HL Deb 22 April 1887 vol 313 cc1551-612

Order of the Day for resuming the Adjourned Debate on the Amendment to the Motion for the Second Reading, read.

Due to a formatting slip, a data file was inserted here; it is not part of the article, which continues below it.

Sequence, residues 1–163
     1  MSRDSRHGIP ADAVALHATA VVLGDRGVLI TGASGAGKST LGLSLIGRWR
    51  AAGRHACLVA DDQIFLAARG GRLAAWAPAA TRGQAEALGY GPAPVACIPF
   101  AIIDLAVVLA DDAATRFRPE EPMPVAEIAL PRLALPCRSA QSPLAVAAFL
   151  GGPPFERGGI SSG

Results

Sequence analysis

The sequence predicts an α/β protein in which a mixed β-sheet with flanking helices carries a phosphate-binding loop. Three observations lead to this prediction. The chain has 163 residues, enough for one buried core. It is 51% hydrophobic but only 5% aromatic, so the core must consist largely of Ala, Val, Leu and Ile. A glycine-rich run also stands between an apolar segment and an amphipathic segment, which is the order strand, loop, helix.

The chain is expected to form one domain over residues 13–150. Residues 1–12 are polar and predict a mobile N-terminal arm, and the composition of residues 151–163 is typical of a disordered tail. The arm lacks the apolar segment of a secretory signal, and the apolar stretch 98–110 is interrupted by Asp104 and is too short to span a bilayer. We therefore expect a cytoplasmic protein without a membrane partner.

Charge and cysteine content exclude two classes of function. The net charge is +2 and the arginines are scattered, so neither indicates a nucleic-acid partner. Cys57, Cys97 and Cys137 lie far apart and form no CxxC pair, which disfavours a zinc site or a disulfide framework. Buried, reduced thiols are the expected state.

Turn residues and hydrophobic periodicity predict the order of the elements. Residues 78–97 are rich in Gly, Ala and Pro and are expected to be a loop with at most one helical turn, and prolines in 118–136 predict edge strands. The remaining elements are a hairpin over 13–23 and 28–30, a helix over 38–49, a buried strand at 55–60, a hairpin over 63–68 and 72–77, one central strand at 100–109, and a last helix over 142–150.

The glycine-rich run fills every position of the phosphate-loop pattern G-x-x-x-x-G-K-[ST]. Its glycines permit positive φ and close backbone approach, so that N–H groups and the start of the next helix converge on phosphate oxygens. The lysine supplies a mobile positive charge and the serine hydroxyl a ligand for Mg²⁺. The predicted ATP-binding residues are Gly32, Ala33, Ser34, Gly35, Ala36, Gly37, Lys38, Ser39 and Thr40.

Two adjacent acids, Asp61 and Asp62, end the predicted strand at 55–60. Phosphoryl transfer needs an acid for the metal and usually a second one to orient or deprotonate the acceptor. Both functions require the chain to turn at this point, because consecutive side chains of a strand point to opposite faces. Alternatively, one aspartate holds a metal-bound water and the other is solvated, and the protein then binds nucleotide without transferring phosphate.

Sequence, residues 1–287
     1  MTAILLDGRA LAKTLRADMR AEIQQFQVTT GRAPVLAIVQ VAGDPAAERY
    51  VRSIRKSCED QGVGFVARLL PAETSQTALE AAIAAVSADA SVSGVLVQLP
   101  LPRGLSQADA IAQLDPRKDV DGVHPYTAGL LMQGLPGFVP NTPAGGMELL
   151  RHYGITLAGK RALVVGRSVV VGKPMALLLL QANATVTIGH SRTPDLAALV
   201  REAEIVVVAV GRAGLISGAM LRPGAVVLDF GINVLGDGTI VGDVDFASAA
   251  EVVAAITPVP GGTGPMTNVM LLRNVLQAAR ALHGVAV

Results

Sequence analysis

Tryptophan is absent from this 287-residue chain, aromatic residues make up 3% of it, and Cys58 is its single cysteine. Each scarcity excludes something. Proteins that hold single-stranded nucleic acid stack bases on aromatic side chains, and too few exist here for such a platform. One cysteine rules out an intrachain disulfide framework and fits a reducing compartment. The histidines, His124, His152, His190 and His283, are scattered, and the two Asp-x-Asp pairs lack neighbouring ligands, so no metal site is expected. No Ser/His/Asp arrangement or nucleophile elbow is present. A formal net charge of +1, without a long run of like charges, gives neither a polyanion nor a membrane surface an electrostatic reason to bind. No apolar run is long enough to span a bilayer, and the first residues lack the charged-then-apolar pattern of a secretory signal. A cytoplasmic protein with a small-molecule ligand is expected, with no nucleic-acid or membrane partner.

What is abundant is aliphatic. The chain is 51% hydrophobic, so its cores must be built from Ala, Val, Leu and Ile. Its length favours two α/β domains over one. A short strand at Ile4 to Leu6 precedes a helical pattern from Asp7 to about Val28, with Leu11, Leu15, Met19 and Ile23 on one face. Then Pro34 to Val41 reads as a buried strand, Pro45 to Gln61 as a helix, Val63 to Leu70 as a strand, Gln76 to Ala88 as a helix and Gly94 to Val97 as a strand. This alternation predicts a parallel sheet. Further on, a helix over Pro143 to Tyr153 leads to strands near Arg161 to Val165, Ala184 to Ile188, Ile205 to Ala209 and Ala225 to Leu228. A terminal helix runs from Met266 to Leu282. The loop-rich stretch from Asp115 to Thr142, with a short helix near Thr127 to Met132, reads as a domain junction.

Debate resumed accordingly.